Animal Assisted Therapies
There are many reports from both parents and clinicians that interacting with animals, formally called animal-assisted therapy, can offer both physical and emotional benefits. For example, it has been claimed that animals can soothe the emotionally distressed, relieve physical pain, reduce heart rate and blood pressure, help with development of motor skills and, in the case of people with ASD, reduce stereotyped behavior, lessen sensory sensitivity, and increase the desire and ability to connect socially with others.
This is an area where more research needs to be done, however, there a few studies who have shown interacting with dogs shows an increase in socially appropriate behavior and a decrease in autistic behaviors like hand-posturing, humming and clicking noises, spinning objects, repetitive jumping, and roaming.
Therapeutic horseback riding, or equine therapy, has long been used for individuals with disabilities such as cerebral palsy. There are also a few studies showing children who took horseback lessons became less irritable, less hyperactive, spoke more words, and showed other improvements, compared to children who didn’t ride.
Additional research has shown children with autism found that those who had a family pet from a young age tended to have greater social skills.
Researchers emphasize the need to consider the child’s sensitivities before getting a pet or using animal-assisted therapies. Some children may have sensitivities to noise or can become agitated if a dog jumps on them or for a dog that barks. Some children with autism may have difficulty understanding how much pressure to use when petting or hugging an animal. The size of a horse could send a child into a state of panic.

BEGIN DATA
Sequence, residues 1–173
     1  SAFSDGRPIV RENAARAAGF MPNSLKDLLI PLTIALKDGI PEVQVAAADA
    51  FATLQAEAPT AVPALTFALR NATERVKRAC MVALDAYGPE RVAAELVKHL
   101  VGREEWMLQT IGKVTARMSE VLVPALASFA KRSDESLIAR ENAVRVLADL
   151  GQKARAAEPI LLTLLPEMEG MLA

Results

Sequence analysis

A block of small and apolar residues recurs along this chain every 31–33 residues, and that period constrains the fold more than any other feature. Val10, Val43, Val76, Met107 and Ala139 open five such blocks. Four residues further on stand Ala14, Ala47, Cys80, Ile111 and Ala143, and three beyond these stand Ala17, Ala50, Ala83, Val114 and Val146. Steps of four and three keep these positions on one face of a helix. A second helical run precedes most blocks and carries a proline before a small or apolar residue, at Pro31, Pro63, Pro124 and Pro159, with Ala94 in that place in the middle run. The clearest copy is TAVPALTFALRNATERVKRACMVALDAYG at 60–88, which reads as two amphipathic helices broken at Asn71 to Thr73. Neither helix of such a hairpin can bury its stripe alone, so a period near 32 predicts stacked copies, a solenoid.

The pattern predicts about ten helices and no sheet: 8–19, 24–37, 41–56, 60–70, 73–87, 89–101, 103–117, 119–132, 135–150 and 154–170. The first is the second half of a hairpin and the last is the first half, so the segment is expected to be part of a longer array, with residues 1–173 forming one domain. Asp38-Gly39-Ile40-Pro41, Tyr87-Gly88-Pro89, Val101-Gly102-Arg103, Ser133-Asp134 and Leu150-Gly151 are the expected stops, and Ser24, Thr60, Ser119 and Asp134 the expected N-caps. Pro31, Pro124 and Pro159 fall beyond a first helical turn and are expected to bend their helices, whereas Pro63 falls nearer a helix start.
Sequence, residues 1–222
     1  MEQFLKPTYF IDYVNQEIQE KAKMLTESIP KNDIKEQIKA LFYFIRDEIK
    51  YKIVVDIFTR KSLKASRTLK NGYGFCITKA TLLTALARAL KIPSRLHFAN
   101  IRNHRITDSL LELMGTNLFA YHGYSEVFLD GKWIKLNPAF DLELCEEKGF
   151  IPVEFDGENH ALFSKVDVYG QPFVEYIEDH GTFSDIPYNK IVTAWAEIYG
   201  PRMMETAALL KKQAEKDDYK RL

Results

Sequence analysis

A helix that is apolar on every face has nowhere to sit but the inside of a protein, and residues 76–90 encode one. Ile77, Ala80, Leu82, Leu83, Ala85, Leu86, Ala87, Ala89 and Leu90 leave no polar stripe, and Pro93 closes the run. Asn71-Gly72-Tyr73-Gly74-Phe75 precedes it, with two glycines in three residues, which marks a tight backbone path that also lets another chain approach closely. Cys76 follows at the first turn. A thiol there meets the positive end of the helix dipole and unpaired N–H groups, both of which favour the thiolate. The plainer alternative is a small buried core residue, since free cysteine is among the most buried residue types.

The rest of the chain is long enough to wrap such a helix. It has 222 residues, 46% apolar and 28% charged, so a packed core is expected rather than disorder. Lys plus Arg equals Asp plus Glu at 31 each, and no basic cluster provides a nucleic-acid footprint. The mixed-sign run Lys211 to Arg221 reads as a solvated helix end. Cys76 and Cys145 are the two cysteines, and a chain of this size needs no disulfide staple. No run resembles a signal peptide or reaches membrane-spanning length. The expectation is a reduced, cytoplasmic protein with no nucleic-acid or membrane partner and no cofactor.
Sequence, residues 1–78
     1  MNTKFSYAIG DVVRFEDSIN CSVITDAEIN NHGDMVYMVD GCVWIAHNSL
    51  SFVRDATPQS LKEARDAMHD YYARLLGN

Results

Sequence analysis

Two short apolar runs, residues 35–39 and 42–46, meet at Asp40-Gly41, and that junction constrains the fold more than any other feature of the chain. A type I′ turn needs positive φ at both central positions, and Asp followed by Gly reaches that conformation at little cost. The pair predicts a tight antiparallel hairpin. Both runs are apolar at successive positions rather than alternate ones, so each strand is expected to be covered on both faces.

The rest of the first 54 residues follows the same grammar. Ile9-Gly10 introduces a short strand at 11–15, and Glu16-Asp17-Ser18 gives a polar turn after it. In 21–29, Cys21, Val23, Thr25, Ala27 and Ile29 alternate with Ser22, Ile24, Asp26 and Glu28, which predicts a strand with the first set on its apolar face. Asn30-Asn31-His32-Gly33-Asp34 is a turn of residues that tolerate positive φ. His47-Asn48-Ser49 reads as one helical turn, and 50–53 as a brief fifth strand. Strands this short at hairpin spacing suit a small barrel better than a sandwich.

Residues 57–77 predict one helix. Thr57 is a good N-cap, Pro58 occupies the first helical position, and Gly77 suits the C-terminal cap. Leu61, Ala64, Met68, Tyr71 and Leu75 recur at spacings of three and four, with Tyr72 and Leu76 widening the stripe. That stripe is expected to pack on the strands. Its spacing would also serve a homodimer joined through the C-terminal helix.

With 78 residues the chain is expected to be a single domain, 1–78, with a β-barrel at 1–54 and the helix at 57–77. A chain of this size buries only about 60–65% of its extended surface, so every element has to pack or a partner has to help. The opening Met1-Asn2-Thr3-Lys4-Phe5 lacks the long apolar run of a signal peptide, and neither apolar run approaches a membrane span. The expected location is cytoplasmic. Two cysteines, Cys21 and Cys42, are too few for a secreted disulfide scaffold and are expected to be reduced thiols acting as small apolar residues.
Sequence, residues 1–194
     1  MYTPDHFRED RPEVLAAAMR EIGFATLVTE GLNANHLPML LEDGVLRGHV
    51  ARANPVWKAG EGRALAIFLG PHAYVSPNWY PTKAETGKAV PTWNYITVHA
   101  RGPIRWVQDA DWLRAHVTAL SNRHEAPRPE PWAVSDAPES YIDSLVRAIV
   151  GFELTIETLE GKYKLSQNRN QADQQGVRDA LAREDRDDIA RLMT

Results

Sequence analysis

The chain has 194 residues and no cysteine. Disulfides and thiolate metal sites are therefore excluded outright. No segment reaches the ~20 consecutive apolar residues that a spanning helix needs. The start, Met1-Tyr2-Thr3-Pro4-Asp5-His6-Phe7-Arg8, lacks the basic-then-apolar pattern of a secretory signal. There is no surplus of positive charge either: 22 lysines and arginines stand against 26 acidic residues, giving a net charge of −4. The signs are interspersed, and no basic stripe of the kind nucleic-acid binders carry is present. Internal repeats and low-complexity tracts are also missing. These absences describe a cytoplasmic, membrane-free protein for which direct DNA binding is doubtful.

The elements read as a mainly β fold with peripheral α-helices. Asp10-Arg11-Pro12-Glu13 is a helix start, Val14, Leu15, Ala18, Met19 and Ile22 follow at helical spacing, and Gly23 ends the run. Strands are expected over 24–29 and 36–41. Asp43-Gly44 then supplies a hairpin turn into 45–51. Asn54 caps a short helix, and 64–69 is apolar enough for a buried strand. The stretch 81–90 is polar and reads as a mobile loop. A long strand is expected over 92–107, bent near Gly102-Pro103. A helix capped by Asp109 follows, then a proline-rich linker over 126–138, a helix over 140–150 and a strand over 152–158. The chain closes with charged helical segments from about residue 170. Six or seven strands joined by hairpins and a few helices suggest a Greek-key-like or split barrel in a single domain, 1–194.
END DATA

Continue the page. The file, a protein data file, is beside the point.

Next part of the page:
For more information on the studies in this field, visit IAN
The Difference Between a Service Animal and a Pet
According to the Americans with Disabilities Act (ADA), service animals are working animals, not pets. The work or task a dog has been trained to provide must be directly related to the person’s disability. Service animals can be trained for a variety of functions including keeping a child safe and preventing wandering, alerting parents to a seizure, and using the dog’s body weight to help a person with autism be relaxed and calm, or even help them sleep. Service animals must be harnessed, leashed, or tethered. The individual must maintain control of the animal through voice, signal, or other effective controls. The animal must be housebroken. Fees for a service dog can run $17,000.
Comfort animals or sometimes called emotional support animals. This type of animal is no different than a pet. It hasn’t received any kind of training. The owner may have a medical letter from a doctor or a mental health professional saying there is a need for the animal for a mental or emotional condition they have, like anxiety or depression. These animals do not qualify as service animals under the ADA.